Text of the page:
Members of New Canaan’s legislative body said last week that they’ll consider adopting a formal process for naming public property after individuals—for example, to honor local philanthropists. No such process currently exists, according to Town Council Chairman John Engel. “There is no formal price, there is no formal criteria,” he said during the elected body’s regular meeting, held June 19 at Town Hall. “How we feel about naming Mead Park, an enormous asset, versus a smaller asset may be different. So one set of criteria might not fit every eventuality.”
He referred to a former swamp on Park Street that the town in 1915 designated as a park named for Benjamin P. Mead, who had died two years earlier.
It has been an absolute honor to serve on the Town Council for the last four years. From my Town Council colleagues, I have learned what it means to be passionate about an issue, committed to a principle, protective of an organization, concerned about the future and respectful of yesteryear. That legacy stays with me. From my constituents, I have discovered perspectives so diverse that it brings a smile to my face and a recollection of the phrase, “this is what makes the world go ‘round.”
And somewhere in between, I have learned patience and humility.
I have been so very proud to represent my typically under-represented peer group on the Town Council—whatever we are considered these days: young families, middle aged families, school district families, Mead Park families, Saxe playground families, Waveny Pool families, Library families, commuting families, divorced families. Families.
I wanted to let you know of my decision to not run for re-election to the Town Council.
I would like to comment on your recent story regarding the Mead Park Barn. I would like to talk about a “P” word and that word is not ‘Preservation,’ it’s ‘Process.’ Although the concept is less glamorous, it warrants its own respect. I so appreciate all of the New Canaan Preservation Alliance’s hard work and their passion. However, we must deal with the facts before us. Last week, the Board of Selectmen was incorrect to table the demolition contract.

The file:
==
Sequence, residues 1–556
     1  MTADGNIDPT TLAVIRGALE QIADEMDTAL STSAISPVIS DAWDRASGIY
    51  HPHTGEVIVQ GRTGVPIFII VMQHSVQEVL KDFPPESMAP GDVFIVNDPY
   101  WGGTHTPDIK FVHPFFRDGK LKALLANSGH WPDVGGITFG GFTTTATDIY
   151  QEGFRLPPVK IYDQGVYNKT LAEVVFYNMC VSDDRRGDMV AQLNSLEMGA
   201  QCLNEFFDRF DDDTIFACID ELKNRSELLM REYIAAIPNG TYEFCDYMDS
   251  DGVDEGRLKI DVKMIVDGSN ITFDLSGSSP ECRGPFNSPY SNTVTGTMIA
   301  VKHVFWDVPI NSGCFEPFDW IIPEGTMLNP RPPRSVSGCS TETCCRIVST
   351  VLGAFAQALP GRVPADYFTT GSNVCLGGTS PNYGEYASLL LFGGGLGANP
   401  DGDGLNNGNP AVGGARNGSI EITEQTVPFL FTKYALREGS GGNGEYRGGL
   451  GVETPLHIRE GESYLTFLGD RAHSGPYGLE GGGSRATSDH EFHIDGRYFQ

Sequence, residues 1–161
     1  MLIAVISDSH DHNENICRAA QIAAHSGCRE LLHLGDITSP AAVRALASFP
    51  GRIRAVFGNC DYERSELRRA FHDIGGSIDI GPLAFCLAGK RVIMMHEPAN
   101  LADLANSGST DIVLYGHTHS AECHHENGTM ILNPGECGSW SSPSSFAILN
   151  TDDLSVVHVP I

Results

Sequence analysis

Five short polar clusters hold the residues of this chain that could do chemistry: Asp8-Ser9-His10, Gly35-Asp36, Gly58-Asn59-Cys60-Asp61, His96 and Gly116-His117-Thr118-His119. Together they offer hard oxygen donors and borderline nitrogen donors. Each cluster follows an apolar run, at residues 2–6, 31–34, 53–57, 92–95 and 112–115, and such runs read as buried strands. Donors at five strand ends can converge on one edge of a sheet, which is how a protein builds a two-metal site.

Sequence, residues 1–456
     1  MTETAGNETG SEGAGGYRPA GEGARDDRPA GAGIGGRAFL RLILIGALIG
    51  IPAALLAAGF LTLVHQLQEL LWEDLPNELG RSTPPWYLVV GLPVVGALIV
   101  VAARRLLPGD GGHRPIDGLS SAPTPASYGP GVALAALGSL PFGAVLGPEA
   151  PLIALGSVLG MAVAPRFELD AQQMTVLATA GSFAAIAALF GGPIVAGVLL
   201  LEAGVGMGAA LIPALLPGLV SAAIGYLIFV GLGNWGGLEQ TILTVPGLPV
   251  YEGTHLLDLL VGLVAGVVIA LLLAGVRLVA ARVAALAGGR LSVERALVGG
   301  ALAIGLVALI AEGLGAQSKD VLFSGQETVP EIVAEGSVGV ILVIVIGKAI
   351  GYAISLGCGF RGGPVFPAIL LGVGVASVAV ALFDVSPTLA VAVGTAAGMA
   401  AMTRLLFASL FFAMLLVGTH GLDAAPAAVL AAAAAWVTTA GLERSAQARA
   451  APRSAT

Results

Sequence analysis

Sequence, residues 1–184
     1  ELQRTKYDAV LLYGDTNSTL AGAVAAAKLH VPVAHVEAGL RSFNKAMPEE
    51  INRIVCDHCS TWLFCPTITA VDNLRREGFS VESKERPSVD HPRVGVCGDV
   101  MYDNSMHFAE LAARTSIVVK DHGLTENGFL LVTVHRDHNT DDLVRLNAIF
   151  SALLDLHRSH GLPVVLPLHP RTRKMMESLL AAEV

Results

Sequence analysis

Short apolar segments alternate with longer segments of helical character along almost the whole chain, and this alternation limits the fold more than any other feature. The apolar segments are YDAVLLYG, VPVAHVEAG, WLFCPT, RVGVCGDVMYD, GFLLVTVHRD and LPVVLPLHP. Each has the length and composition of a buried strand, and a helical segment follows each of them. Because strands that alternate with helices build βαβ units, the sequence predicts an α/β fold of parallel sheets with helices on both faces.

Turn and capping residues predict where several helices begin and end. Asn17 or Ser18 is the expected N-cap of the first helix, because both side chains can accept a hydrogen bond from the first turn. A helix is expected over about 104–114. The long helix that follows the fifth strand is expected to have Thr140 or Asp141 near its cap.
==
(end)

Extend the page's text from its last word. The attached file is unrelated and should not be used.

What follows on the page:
New Canaan High School students last week voiced support for a widely discussed proposed ordinance that would prevent local retailers from using thin plastic bags.
Though the NCHS Student Coalition typically sticks to tasks such as “planning Homecoming and our annual prom, we recently decided to come off the sidelines and begin discussing this,” the group’s president, senior Chase Pellegrini de Paur, told members of the town’s legislative body during a public hearing Feb. 6.
“And while I can’t speak for every student at the high school, I can speak to my own experience in the Coalition talking about this,” Pellegrini de Paur said during the Town Council Bylaws and Ordinances Committee meeting, held at Town Hall. “Because when we began discussing this issue, I thought we would have a passionate debate with fiery arguments on both sides. But instead, there was this attitude of eerily quiet confusion. It wasn’t that students didn’t care about the issue, but rather that they were confused by the opposition to an ordinance like this.
Saying it’s punitive, unnecessary and unsanitary and represents government overreach, some New Canaan residents are voicing opposition to a proposed ban on thin plastic bags at local shops.
Though members of New Canaan’s legislative body say most constituents who have lodged their opinions in formal letters are in favor a single-use plastic bag ban, others have been critical of the proposal. Jeanne Russo in a letter to the Town Council said that such bans often have “unintended negative results.”
“Expecting senior citizens or lower income families to buy reusable bags, so some in our community can feel good about themselves by ‘doing their part,’ is unfair and wrong,” Russo wrote. “You represent all members in our community, not just the ones with loud voices.”
Town resident Nicole Busby said that while she’s in favor of people bringing reusable bags with them to local shops, she’s opposed to an outright ban on plastic bags because “it’s an overreach of government.”
Scott Hobbs in a letter to the Council said that while single-use plastic bags may seem wasteful, “they are all sanitary.”
“Recycled bags frequently get contaminated from use with food and most people do not properly maintain them,” he said. “In addition, if you look at the chemicals, water and time involved in properly maintaining the reusable bags, it is likely that they cost more and are at least closer to as harmful to the environment. Please do not pass such a resolution.”
The comments come as the Town Council Bylaws and Ordinance Committee considers draft legislation (see it here in full) that would prohibit retailers from supplying double-handled carryout bags to customers.